I am of that bridge generation. I remember when lives were private matters, when the only persons who knew the latest news and most of the town’s gossip were the Baptist preacher and the party-line operator.
But that was another life-time ago. A time before 24-7 news. A time before the yapping heads of talk shows. A time before technology. A time before Twitter, Instagram and MeBook. A time when it was considered the height of vulgarity to get all up in somebody’s business.
I was raised by a private woman. Mama did not live her life out loud. She lived a quiet life, kept to herself, never participated in gossip of any sort. I honestly never heard my mother talk bad about anybody, ever. She did not say bad things about relatives, or neighbors, or co-workers. Whatever battles she had – and she worked as a prison nurse, she must have had some – she kept them to herself. It wasn’t until she was on her dying bed that Mama talked at all about the patients she had served over the years.
Mama grew up during that World War II era, raised up by a police officer and his wife. The youngest and only girl of five brothers, Mama was more tomboy than twittering girl. She could spend hours in absolute solitude on a riverbank, thinking her private thoughts and occasionally cussing the lack of bites. If I heard her say it once I heard her say a thousand times: “If you can’t say something nice about somebody, don’t say anything at all.” Which leads me to wonder: Did Mama just never have anything nice to say about other people? Because, I’m telling you, she never talked about others.
No matter how mad a person made her, Mama would not say anything disrespectful about them. She never spoke ill of any of us children or our spouses. If she didn’t agree with something we were doing, she’d tell us. She’d even tell our spouses. But she wouldn’t talk about a person behind their backs. Or at least, if she did, I never heard her.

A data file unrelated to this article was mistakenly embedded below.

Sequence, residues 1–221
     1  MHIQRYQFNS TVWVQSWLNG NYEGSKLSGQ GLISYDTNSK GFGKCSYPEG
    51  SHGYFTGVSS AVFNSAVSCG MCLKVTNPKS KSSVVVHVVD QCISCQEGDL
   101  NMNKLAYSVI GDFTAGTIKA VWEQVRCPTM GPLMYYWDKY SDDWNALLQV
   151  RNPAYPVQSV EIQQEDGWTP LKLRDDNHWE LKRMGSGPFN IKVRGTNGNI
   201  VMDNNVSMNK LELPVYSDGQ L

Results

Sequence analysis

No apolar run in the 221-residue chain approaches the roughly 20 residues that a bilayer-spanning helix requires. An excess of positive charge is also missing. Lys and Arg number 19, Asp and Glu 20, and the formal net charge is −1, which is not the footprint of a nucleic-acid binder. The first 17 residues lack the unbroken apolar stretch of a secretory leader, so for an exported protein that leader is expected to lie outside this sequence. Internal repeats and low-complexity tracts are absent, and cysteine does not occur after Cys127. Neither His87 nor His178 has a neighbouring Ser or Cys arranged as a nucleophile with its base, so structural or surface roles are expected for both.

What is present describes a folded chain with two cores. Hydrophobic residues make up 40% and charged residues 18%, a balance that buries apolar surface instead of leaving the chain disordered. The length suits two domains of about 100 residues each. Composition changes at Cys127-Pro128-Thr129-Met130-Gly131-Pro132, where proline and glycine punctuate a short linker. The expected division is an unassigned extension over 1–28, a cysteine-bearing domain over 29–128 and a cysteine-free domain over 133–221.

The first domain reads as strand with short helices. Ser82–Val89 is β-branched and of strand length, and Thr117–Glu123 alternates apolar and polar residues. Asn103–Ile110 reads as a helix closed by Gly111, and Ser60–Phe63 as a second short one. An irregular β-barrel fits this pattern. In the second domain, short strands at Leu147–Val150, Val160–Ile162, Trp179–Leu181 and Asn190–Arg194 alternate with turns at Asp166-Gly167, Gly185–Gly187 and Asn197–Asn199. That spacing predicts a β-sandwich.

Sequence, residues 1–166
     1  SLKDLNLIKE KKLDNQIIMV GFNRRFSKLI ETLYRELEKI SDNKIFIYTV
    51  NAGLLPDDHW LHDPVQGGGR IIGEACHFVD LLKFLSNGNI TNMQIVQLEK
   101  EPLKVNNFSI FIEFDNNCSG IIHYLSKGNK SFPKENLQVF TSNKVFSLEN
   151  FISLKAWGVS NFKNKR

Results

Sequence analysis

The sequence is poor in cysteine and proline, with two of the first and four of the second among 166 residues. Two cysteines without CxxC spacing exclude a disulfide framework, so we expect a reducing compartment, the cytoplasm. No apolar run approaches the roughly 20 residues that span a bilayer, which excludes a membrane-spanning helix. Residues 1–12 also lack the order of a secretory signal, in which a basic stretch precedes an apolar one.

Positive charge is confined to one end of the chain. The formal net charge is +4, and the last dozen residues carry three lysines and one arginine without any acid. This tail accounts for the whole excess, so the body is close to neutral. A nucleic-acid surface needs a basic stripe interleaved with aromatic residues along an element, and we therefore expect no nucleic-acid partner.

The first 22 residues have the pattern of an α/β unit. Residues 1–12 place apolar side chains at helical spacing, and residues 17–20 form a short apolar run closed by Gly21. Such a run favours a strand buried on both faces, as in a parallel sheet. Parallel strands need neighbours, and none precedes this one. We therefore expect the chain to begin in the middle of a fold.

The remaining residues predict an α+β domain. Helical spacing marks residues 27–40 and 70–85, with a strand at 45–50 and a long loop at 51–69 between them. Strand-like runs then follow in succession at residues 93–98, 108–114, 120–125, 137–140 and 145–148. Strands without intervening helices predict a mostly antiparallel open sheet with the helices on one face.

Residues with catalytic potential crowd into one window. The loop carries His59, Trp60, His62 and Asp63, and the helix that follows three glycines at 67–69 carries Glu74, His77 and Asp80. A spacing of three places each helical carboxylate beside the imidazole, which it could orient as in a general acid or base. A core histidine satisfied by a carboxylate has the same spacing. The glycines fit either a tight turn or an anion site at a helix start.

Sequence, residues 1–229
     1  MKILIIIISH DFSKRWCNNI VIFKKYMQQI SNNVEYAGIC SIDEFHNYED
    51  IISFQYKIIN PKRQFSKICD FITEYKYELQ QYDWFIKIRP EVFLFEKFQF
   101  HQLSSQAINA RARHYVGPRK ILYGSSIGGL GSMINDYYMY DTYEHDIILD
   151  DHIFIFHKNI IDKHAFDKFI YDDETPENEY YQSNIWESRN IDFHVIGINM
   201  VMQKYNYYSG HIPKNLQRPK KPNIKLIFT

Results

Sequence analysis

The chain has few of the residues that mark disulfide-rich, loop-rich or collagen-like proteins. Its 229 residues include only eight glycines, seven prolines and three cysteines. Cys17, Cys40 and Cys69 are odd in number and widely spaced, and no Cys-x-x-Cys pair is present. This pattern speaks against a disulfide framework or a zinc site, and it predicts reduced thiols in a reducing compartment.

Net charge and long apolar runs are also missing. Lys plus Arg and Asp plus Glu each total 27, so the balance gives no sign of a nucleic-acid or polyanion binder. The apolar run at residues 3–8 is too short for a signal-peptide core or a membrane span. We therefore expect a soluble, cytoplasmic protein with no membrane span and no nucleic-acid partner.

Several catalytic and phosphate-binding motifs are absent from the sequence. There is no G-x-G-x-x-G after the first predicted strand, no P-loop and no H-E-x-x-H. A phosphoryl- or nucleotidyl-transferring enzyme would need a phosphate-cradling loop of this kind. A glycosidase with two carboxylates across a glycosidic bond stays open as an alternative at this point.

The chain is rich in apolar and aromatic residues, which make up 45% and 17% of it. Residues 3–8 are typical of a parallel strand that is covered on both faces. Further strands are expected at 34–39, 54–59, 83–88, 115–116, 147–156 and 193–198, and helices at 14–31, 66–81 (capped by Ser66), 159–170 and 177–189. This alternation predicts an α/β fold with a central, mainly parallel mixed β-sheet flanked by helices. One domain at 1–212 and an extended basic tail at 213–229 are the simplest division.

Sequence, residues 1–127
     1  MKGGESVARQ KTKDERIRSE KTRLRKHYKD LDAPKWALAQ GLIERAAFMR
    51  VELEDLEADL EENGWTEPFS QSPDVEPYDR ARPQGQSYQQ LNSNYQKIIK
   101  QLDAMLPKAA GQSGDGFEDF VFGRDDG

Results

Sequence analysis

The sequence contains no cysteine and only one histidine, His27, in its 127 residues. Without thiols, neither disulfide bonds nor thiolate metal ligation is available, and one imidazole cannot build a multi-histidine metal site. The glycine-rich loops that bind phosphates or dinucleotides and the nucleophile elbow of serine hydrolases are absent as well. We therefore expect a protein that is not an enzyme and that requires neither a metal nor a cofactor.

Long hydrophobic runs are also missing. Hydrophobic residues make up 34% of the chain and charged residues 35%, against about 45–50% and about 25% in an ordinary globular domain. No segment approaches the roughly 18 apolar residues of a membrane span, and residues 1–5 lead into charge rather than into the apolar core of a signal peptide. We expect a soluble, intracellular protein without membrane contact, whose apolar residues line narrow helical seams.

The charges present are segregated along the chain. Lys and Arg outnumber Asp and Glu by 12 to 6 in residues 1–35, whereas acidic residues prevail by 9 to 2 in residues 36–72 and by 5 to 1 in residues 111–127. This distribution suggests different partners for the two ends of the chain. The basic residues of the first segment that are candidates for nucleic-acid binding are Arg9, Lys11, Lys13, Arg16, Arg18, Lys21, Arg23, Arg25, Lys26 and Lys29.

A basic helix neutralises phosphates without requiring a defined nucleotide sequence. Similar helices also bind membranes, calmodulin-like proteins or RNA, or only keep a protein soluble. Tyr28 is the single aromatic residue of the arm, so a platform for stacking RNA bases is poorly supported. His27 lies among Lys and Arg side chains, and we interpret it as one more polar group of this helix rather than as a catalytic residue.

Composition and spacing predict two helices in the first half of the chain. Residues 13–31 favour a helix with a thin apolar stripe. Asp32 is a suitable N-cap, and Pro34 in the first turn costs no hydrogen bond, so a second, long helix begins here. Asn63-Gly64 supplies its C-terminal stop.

Mama was not the most affirmative of people. She wouldn’t go around falsely praising others. Even if one of us had done something worth praising, Mama would not brag on us to others. And she certainly wouldn’t tell us for fear we’d get what she called “the big head.”
Seems our culture is comprised of people with nothing but the “Big Head”. People are encouraged to go on Social Media and broadcast their entire lives. We become “friends” with “Big Head” people because it makes us feel like we are somebody. We “follow Big-Headed” people because, well, I don’t know why. Do you?
Because I am of that bridge generation, I remember when the person most respected in a community, most respected anywhere was the humble man and/or woman. The person who lived in a modest home and gave their monies – sometimes millions of dollars – to local libraries or schools or hospitals. The person who didn’t broadcast their business, or tolerate those who did.
I remember a time when it was considered crass to ask personal questions of one another, particularly in public forums. Nowadays people think nothing of asking others the most intimate details of their lives. Lordy, some people are famous just for posting their most intimate business online.
There was a time when it was considered uncouth to ask another person how much money they made, or where they lived, or when they planned to move and/or retire.
Seems with this “Big-Headed” culture in which we now find ourselves, people don’t think twice about being crass. Even the most professional people will ask the most inappropriate questions in public forums.
All this vulgarity makes me miss my mama. She always had a ready answer for people who dared ask her rude questions.
“Mind your own business,” Mama would reply, smiling sweetly as she said it, of course.